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EU agrees to Russia’s fuel supply for Hungarian Paks NPP — media

March 25, 2015, 6:37 UTC+3 BUDAPEST

"All hurdles in connection with fuel supply have been removed," MTI agency quoted Lazar

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BUDAPEST, March 25. /TASS/. Hungary has reached an agreement with EU on fuel supply for Paks nuclear power plans (NPP) by Russian state company Rosatom, Hungarian head of prime minister’s office Janos Lazar said on Wednesday.

"All hurdles in connection with fuel supply have been removed. It is necessary for the expansion of Paks NPP," MTI agency quoted Lazar as saying after talks with EU Commissioner for Energy and Climate Action Miguel Arias Canete.

"European Commission’s remarks were taken into account by Hungary, and we are solving the problem with fuel supply with the aim of preserving Paks NPP’s capacity in accordance with the Finnish model," Lazar said. He stressed that Hungary grants Russia an opportunity to supply fuel for new power units in the next 10 years. "This decision is absolutely acceptable for the Russian side as well," the official said.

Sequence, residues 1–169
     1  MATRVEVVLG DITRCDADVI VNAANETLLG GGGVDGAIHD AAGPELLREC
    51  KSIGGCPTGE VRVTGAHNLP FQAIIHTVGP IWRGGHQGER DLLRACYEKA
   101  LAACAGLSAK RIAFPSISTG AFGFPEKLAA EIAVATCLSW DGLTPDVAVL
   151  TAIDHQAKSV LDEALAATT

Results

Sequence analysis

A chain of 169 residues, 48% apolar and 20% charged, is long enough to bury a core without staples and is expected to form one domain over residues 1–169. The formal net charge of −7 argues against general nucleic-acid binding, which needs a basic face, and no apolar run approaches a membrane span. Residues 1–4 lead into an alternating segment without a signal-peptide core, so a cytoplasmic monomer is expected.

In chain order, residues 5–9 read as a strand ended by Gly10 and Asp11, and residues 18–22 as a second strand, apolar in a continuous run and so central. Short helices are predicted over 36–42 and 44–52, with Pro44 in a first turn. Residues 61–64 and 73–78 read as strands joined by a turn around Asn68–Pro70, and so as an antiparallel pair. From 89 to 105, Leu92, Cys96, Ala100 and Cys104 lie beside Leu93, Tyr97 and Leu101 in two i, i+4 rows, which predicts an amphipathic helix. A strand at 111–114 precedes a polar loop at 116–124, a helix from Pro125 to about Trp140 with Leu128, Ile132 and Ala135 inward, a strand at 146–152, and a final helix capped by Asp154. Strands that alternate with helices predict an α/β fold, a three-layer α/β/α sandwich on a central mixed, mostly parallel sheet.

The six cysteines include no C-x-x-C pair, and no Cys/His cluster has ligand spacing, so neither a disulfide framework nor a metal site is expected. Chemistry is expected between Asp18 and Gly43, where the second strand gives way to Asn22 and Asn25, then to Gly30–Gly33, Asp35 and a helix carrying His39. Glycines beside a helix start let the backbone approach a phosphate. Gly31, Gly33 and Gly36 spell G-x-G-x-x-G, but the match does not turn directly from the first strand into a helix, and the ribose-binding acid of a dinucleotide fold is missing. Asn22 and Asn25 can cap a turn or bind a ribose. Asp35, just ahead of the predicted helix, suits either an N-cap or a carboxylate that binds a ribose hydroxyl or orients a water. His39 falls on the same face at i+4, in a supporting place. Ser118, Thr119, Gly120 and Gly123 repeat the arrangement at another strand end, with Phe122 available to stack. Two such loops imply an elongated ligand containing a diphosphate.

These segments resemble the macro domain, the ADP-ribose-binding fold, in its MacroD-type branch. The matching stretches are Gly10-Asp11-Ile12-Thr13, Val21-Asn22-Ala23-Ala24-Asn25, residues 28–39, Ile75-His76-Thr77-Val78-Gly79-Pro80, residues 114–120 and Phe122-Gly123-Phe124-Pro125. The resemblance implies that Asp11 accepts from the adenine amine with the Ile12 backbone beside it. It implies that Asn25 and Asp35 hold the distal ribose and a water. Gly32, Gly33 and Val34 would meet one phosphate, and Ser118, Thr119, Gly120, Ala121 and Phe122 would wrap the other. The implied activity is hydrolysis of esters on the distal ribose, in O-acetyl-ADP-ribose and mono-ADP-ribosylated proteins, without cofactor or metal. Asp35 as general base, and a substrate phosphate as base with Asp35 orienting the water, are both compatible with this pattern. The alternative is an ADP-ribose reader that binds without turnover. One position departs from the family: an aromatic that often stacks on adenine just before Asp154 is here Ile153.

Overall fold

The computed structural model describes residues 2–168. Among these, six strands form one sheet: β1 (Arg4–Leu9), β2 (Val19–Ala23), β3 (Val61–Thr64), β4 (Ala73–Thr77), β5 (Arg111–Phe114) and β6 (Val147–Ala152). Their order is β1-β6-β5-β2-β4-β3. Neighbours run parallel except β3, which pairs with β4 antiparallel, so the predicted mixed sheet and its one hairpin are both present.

Lazar said he agreed with Canete that the European Commission "will bring the matter with fuel to a close in the nearest future." An agreement with EU has great significance for Hungary, he noted. Last year, Brussels accepted Russian-Hungarian deal on expanding Paks NPP on one condition - it should be in line with European law in the sphere of state support and competition.

"We managed to find such a decision when the Hungarian side wins while the European law is being observed," Lazar said. He added that the Hungarian government will file a lawsuit against The Financial Times for publishing a report on alleged EU’s blocking of Paks expansion.

"If EU makes such a decision [approving the deal on Paks expansion], it will be a clear rebuttal of newspaper’s statements on blocking of Paks NPP expansion," he concluded.

Russia and Hungary signed documents in January 2014 on building new power units on the site of Hungary’s sole Paks NPP that had been constructed by Soviet specialists.

Immediately after the deal was signed, attempts were made in Europe to block it, including an active campaign in the leading European media that accused Budapest of increasing its energy dependence on Russia.

However, Hungarian government spokesman for the Paks NPP project Attila Aszodi told TASS news agency that the NPP contract between Russia and Hungary had been approved by the European Commission and had not encountered any critical remarks since 2013.

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